Academic journal article Journal of Managerial Issues

An Exploration of Empowerment and Organizational Memory

Academic journal article Journal of Managerial Issues

An Exploration of Empowerment and Organizational Memory

Article excerpt

As business use of information technology (IT) expands, the traditional constraints of time and geography, which were formerly rigorous, are now relaxing or changing. Rapid advances in telecommunication and other information technologies are fostering globalization of economies. As a result, the global marketplace is becoming the new frontier of business. Faced with the rapid pace of change in today's business markets, organizations are compelled to adapt with unprecedented dexterity and flexibility in order to remain competitive and to face the challenges ahead.

As a beginning, organizations need to reassess the types of knowledge and skills needed by their workforce to effectively compete in the marketplace of the future (Fellers, 1993). In addition, they need to learn from successes and failures. Organizational learning is a fundamental requirement for sustained existence (Kim, 1993). Since radical change is extremely hard to accomplish, organizations should be willing to accept failure and learn from it (Caron et al., 1994). Although it may be easier to learn from failure, organizations should have a mechanism to retain what was done correctly as well as what was not (Levitt and March, 1988). Such a mechanism is typically referred to as organizational memory. Organizational memory can be defined as organizational knowledge with persistence (Ackerman, 1994).

Hammer and Champy (1993) have said that empowerment of front-line workers is critical if organizations are to understand core business processes. The reason for this is that frontline workers are closest to those processes and they are probably the only ones who really understand how they work. To reap the full benefit of empowerment, many organizations have chosen to push decision making down to workers who deal daily with core processes. Thus, it appears empowerment is a very important factor in sustained business success. To share and learn from empowerment over time, organizational memory must retain and allow access to the lessons learned.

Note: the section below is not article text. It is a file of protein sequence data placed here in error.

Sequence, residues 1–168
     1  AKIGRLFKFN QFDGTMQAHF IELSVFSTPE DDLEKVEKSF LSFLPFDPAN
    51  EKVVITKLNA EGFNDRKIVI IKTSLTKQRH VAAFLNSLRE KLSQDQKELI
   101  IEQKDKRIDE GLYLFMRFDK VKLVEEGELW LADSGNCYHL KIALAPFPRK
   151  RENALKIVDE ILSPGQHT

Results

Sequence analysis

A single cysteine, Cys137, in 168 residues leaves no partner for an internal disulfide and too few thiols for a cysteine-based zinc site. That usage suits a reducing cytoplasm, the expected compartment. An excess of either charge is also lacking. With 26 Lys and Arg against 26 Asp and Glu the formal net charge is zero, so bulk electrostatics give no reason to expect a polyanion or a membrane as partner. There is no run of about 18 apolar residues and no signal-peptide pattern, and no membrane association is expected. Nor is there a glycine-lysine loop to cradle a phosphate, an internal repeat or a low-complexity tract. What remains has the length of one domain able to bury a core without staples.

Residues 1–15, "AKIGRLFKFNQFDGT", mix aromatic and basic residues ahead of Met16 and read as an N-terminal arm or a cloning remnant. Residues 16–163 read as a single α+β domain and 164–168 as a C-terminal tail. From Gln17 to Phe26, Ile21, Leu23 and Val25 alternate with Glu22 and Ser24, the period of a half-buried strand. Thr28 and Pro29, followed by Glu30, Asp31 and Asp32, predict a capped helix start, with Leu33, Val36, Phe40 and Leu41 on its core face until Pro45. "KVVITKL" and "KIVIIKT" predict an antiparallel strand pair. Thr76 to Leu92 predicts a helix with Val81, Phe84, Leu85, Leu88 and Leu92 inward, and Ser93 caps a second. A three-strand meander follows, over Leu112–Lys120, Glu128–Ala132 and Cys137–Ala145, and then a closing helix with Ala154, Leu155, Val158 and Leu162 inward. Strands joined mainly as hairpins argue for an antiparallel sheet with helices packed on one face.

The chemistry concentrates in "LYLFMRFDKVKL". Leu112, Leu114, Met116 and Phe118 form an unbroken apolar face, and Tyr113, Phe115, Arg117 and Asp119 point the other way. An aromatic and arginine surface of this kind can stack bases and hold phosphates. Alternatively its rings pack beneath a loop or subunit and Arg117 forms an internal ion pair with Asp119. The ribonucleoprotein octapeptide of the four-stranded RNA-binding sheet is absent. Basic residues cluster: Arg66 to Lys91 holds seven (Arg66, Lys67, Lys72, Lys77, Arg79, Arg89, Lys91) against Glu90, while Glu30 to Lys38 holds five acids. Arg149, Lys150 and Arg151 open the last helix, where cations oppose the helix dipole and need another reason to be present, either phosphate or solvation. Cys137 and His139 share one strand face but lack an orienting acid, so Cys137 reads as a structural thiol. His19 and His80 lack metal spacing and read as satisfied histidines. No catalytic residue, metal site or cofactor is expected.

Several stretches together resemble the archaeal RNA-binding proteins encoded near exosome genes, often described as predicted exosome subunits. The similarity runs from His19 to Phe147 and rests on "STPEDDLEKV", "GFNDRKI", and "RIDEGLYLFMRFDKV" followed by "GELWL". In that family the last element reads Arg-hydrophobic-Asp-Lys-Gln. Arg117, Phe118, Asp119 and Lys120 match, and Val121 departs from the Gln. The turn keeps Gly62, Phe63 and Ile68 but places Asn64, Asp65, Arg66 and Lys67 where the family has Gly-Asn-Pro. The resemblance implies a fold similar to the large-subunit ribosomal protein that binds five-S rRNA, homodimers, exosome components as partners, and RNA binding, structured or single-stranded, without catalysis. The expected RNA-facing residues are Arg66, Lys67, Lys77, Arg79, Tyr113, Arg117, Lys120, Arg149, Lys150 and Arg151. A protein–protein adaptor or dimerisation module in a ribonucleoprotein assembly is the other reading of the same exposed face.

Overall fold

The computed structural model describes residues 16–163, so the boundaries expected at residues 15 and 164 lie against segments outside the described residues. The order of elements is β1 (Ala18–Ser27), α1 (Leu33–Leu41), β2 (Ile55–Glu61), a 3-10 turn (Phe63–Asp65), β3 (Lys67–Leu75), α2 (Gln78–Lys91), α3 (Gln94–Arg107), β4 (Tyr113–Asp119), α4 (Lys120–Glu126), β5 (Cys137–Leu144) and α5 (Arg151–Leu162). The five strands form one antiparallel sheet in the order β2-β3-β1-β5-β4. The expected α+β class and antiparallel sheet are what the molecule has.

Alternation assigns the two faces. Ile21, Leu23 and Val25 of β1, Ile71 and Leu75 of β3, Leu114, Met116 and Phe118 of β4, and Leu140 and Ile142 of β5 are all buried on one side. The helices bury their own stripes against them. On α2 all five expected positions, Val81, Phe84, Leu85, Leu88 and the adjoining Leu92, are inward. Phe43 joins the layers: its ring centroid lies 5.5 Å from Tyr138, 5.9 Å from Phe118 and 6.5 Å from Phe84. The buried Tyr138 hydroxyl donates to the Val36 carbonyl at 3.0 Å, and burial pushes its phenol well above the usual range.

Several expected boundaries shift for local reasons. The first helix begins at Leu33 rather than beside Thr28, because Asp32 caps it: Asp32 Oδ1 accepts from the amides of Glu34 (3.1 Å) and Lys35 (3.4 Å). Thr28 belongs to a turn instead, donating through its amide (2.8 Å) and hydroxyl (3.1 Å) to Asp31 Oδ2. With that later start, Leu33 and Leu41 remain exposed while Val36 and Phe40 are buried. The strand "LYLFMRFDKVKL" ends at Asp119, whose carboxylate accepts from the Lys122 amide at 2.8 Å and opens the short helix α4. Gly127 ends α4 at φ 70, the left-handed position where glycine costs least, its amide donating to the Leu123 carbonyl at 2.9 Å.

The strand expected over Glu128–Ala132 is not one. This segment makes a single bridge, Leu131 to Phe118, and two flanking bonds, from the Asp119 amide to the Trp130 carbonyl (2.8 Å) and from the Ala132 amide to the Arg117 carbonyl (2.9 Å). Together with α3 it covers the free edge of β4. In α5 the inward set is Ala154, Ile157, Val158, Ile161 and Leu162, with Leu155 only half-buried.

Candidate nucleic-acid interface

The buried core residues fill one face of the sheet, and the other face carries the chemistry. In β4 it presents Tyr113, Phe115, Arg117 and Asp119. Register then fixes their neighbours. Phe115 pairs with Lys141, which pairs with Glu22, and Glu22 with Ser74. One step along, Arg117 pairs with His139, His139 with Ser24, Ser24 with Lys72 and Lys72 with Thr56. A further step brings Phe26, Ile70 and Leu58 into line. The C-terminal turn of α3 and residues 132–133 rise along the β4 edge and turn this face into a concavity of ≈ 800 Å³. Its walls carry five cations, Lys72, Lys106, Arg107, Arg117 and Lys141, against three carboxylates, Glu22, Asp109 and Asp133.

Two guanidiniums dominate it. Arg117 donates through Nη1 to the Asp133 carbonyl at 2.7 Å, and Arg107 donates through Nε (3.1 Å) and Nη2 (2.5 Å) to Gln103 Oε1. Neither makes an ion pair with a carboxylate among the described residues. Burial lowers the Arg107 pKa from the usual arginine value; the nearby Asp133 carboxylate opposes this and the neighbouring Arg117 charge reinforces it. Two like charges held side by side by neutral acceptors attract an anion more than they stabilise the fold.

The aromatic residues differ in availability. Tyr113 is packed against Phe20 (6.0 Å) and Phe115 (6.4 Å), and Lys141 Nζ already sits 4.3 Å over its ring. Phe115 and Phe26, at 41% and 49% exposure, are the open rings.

A powerful mechanism available to most organizations for organizational memory is information technology (IT). Information technology is generally recognized by most managers as a support mechanism for organizational activities (Boynton et al., 1994). However, the ability of IT to facilitate organizational learning and memory has not been as well documented. IT can support organizational memory by making recorded knowledge retrievable or by making individuals with knowledge accessible (Ackerman, 1994). Notwithstanding, an increasingly interdependent and unpredictable business environment has made it impossible for top management to manage the entire repertoire of organizational knowledge. Therefore, workers should be empowered to not only carry out their respective jobs, but to facilitate the accessibility of knowledge. Further, integrative thinking and action should permeate the organization at all levels (Senge, 1990).

The purpose of this study is to explore the relationship between empowerment and the propensity of an organization to retain knowledge. To facilitate our understanding of this relationship we initiated an exploratory field study. Our intention was to visit several organizations and inductively develop a theoretical framework to model the empowerment/organizational memory relationship. The framework classifies organizations along two dimensions: 1) extent that key factors necessary for successful empowerment are implemented, and 2) the propensity of the organization to develop mechanisms to retain knowledge. Data collected from eight organizations allowed us to classify each along both dimensions of our framework.

To provide the necessary background for the classification system, we begin with an outline of current literature in the areas of organizational learning, organizational memory, and empowerment. Following the review of literature, we present our research question and a description of our research methodology. …

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